BROWN, Walter Edward

No.7977, Lance Sergeant, Walter Edward BROWN
Aged 23

2nd Battalion, Suffolk Regiment
Killed in Action on Wednesday, 26th August 1914

An Old Contemptible

Walter Edward Brown was born in Soham on 28th February 1893 (Newmarket Q2-1893 3B:545), baptised in Soham on 20th May 1903, son of William James and Elizabeth BROWN (née BARTLE) of Granby Terrace, Soham.

1901 census...Aged 8, he was at Granby Terrace, Soham with his father William James BROWN [35] brewer's agent; his mother Elizabeth [37] born Barnham, Suffolk; brothers Charles W [12] and Robert [11]; sisters Harriett[10] and Ethel E [1]. All except his mother were born in Soham.

1911 census...Aged 19, he was a private in the 2nd battalion, Suffolk Regiment at Aldershot. His parents were at Hall Street (Granby Terrace), Soham with his brother Benjamin George [9] and sisters Ethel Emma and Kate Elizabeth [5]. 3 of Elizabeth's 9 children had died.

His elder brother Robert died in 1917 in France. see here

He enlisted in Ely.
As a regular in the Army he was of course one of the first to be sent to France and unfortunately he was one of the first Soham men to die. His Army records have not survived.

The 2nd Battalion were in Dublin on the day war broke out, 4th August 1914, and by 10th they were ready to embark direct to France. Moving by marching and by train they eventually reached Mons on the 22nd. Then the German advance strengthened and the Retreat from Mons began for the British Army. By the evening of the 25th August the 2nd Suffolks were halted just outside Montay. After a brief halt they moved on, to Pont des Quatre Vaux, half a mile west of Le Cateau.
On the 26th the order went out from Brigadier General Rolt that there was to be "no retreat...there is to be no thought of retirement". After six hours of continuous and overwhelming fire, they still held, but the Germans had mustered an massive force which nearly totally surrounded the British and by just before 3 the Argyll Highlanders and the Suffolks were overcome. A battalion in the British army was approximately 1,000 men and this day the 2nd Suffolks suffered 720 casualties of all ranks. The remnants slipped away and the next day, at dawn the roll call revealed the Battalion under command of Lt Oakes was 'A' Coy 31; 'B' Coy 19; 'C' Coy 38 and 'D' Coy 16 with 7 attached men, a total of 111. A few stragglers caught up later in the day.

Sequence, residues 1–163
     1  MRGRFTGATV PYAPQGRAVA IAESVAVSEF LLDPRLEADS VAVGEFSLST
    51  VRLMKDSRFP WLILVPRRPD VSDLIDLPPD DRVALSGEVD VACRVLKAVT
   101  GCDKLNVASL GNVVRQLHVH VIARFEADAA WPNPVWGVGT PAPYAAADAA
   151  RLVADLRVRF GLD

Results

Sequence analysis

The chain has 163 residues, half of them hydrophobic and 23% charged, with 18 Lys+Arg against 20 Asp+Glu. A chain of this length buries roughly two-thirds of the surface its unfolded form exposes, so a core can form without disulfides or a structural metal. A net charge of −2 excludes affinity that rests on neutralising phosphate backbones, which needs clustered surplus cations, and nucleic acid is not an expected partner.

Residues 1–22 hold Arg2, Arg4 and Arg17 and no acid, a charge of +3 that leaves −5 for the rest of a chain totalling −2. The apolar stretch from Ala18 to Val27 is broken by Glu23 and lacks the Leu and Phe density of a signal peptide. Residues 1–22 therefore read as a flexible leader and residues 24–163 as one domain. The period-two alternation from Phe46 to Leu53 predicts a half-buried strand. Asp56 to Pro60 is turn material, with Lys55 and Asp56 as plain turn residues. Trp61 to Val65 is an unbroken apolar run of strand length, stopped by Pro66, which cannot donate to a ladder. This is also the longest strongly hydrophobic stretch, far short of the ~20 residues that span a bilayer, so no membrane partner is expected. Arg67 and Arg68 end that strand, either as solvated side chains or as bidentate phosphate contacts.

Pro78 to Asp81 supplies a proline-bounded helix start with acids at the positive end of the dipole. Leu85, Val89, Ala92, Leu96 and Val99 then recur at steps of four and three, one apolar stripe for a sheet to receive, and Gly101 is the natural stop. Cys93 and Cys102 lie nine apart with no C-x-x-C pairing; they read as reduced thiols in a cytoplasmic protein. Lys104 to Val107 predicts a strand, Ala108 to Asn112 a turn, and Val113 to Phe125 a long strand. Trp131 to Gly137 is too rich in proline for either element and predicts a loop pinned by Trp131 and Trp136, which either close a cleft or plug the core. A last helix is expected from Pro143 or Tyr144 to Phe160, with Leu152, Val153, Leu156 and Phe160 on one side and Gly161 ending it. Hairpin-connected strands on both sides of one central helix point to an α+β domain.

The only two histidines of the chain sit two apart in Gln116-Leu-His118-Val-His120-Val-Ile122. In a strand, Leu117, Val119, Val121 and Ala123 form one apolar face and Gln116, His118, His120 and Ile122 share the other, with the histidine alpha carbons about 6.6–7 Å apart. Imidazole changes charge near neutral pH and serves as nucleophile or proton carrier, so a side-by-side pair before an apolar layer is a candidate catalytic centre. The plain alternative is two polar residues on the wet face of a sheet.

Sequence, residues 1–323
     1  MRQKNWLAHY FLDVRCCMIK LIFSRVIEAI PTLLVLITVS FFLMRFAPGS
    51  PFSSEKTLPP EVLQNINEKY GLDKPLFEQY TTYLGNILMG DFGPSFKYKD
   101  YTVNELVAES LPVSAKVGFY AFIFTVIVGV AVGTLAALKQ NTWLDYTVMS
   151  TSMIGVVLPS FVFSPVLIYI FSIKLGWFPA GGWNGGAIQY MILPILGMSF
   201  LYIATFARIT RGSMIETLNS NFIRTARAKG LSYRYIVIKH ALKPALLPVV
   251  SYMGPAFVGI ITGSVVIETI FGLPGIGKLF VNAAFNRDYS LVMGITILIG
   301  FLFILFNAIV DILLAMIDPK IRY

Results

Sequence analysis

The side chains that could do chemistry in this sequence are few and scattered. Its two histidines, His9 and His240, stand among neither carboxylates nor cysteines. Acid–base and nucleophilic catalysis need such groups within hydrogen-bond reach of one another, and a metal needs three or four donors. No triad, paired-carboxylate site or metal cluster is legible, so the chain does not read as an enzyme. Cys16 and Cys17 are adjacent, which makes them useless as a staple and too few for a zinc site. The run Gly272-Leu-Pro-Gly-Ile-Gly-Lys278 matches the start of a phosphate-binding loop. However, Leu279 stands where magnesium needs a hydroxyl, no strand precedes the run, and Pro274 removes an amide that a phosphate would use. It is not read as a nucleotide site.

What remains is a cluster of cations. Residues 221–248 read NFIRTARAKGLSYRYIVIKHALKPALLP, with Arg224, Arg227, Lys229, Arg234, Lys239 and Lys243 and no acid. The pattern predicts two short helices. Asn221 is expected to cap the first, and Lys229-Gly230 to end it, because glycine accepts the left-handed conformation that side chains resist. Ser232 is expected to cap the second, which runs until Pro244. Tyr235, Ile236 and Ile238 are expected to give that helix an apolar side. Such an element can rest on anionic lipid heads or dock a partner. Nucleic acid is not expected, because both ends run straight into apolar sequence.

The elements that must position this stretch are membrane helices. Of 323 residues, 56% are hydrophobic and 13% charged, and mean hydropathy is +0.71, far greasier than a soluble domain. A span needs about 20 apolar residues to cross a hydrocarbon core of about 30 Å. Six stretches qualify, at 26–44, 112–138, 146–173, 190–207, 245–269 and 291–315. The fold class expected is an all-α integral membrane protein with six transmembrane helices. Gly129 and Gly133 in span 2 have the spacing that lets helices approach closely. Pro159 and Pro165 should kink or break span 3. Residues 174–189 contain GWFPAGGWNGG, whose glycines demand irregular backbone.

The dead numbered 74, only three have known graves. Numbers at this stage of the war are notoriously inaccurate. The Imperial War Graves Commission had not even been thought of. In fact the concept of even finding the dead and burying them individually was not generally known. Up to then it would have normally only been some officers buried individually or brought back to England. It took a man called Fabian Ware to start organising the currently accepted method of recording, and burying the dead, where possible, in individual graves.

Walter Brown is commemorated on the La Ferte-sous-Jouarre Memorial

click here to go to the Commonwealth War Graves Commission website for full cemetery/memorial details